Refueling has been banned from Formula One races for a decade, as 2009 kicked off an era of fuel-free pit stops. Has the racing been better for a lack of petroleum? I’d venture to say that it has not, and FIA president Jean Todt might agree with me, according to a recent report from Autoweek.
“Cars are probably becoming a bit too heavy,” said Todt. “That is something we discussed. I am pushing for analyzing what it would mean if we reintroduced refueling. Because if you reintroduce refueling, then you will have lighter cars at the start of the race, and you can have smaller cars.”
The ban on refueling has meant Grand Prix racers have needed to carry all of their fuel on board for the entirety of the race, removing a crucial part of pit stop strategy. It also means the cars are bigger to accommodate a large fuel cell, and heavier than ever at the start of the race.
If you watch an F1 race, you can tell that the cars are often too large for the track they are racing on. The cars have certainly bloated in all directions since I began watching the sport. This is one factor that Todt has a problem with, and hopes that a smaller fuel tank would allow the regulations to mandate smaller exterior dimensions.
Right now, all of the teams start out with the same fuel level, and aim to end the race with just a bit more than empty. If all the teams are on an equal weight and equal fuel strategy, that instantly means fewer passes will take place than if refueling is allowed.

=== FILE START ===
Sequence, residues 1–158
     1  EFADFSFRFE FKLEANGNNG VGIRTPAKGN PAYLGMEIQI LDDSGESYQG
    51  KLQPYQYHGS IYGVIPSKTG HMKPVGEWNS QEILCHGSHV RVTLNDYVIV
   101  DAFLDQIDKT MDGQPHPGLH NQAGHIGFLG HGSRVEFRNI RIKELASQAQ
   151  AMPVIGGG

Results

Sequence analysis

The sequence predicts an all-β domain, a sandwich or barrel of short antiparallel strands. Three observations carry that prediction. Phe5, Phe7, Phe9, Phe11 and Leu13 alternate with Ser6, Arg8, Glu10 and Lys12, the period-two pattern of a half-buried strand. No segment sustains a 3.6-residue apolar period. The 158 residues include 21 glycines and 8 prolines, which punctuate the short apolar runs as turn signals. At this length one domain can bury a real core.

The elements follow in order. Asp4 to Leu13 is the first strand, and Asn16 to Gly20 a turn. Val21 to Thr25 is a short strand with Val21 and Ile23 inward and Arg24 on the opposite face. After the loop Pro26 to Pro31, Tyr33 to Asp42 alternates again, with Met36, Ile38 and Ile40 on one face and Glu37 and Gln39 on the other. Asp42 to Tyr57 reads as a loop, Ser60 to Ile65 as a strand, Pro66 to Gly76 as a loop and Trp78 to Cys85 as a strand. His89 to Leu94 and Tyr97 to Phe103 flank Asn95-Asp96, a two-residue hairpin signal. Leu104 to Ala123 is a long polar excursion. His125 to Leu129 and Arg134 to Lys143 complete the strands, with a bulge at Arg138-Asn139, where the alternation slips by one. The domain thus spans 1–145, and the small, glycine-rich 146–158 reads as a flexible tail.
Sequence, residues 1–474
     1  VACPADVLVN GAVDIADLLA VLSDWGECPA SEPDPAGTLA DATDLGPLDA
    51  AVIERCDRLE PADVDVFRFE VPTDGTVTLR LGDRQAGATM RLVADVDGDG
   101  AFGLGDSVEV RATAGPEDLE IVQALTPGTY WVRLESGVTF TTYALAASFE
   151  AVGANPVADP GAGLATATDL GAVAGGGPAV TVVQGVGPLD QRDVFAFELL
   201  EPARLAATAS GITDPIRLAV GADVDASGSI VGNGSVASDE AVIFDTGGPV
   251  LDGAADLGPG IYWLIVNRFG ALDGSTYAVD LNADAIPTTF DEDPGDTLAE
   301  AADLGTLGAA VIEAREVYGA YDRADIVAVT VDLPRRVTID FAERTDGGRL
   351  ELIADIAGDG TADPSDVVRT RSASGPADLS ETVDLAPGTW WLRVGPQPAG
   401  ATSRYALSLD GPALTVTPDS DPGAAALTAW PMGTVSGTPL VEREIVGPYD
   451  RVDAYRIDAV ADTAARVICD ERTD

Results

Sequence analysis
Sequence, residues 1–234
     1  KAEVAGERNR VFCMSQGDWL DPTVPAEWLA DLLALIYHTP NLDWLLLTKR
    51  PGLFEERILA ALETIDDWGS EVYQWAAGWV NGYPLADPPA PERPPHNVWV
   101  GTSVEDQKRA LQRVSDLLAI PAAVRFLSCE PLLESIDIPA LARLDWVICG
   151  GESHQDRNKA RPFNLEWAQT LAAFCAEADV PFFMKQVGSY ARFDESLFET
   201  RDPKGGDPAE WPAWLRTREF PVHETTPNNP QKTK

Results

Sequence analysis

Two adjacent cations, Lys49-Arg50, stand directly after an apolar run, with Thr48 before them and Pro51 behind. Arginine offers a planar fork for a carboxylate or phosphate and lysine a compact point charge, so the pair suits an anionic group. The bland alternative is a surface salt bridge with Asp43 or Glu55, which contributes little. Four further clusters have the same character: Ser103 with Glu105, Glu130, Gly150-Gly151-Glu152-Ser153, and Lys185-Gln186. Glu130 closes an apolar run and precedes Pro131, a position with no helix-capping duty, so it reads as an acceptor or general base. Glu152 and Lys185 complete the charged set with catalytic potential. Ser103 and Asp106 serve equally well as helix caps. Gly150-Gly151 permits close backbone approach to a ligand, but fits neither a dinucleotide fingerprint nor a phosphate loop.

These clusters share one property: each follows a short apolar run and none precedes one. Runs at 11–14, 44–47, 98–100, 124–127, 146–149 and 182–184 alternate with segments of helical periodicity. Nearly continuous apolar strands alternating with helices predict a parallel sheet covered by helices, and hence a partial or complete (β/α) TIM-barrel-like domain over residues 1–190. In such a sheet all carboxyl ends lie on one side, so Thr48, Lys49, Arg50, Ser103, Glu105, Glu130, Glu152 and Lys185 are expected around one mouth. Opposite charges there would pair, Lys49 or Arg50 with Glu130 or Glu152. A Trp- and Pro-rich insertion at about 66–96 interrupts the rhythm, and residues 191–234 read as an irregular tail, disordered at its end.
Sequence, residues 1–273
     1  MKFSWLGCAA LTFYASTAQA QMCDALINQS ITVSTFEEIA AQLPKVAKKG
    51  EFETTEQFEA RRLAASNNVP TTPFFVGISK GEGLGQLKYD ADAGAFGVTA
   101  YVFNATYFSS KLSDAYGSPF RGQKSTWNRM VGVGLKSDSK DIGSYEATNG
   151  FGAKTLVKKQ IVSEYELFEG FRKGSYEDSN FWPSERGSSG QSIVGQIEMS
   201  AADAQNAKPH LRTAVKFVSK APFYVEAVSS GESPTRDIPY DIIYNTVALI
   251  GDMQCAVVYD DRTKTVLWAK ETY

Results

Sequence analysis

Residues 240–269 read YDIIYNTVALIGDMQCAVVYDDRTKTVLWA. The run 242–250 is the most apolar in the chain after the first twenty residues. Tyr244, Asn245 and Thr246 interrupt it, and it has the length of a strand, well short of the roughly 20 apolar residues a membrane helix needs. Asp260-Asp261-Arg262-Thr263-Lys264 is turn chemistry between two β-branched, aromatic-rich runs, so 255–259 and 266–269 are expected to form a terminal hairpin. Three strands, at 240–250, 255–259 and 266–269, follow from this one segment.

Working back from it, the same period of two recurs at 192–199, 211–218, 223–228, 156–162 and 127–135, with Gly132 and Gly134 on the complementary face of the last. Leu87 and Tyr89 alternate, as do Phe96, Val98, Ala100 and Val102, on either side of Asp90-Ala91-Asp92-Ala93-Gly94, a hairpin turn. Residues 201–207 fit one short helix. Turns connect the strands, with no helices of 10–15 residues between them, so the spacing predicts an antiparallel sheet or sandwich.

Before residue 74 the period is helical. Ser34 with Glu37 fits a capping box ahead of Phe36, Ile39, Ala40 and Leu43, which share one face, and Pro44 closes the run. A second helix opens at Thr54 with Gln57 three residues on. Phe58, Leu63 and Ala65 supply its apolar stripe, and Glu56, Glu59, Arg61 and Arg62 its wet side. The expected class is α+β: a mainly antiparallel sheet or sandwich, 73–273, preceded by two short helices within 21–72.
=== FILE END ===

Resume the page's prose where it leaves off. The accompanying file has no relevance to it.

Refueling was initially banned for safety reasons, as pit stops were getting too fast and teams were having trouble getting the fuel safely into the cars in the short time it takes to change wheels. I would argue that slowing down the pit stops with a fuel stop would actually increase the safety, giving teams more time to make sure what they’re doing is correct. And the racing might be better for another five or six seconds on pit lane, as it gives the crew time to make aero adjustments that could save someone’s race.
The FIA already has the capability to measure fuel flow rates, as it does in the WEC endurance races. Mandating a certain fuel flow for the sake of safety isn’t beyond the scope of the sanctioning body’s capacity. Is a sub-2-second pit stop all that exciting to watch anyway? If you want to promote safety, mandate fewer team members on the hot pit lane, while we’re at it.
Teams have rebuked the idea of bringing back refueling to the sport, as the cost of designing and transporting a fuel rig would be a bridge too far.
“Sometimes I hear that it will be more expensive and honestly it makes me smile,” said Todt. “When I see the size of the motorhomes, I don’t think that it’s really the price which will be a killer.“
So with new regulations looming on the horizon, Todt wants to investigate the ups and downs of fuel filling during the race. If all of these other lowly series can manage it, surely Formula One can. As a long time fan that has been bored nearly to tears during multiple Grands Prix in the last decade, I am willing to give anything a go at this point.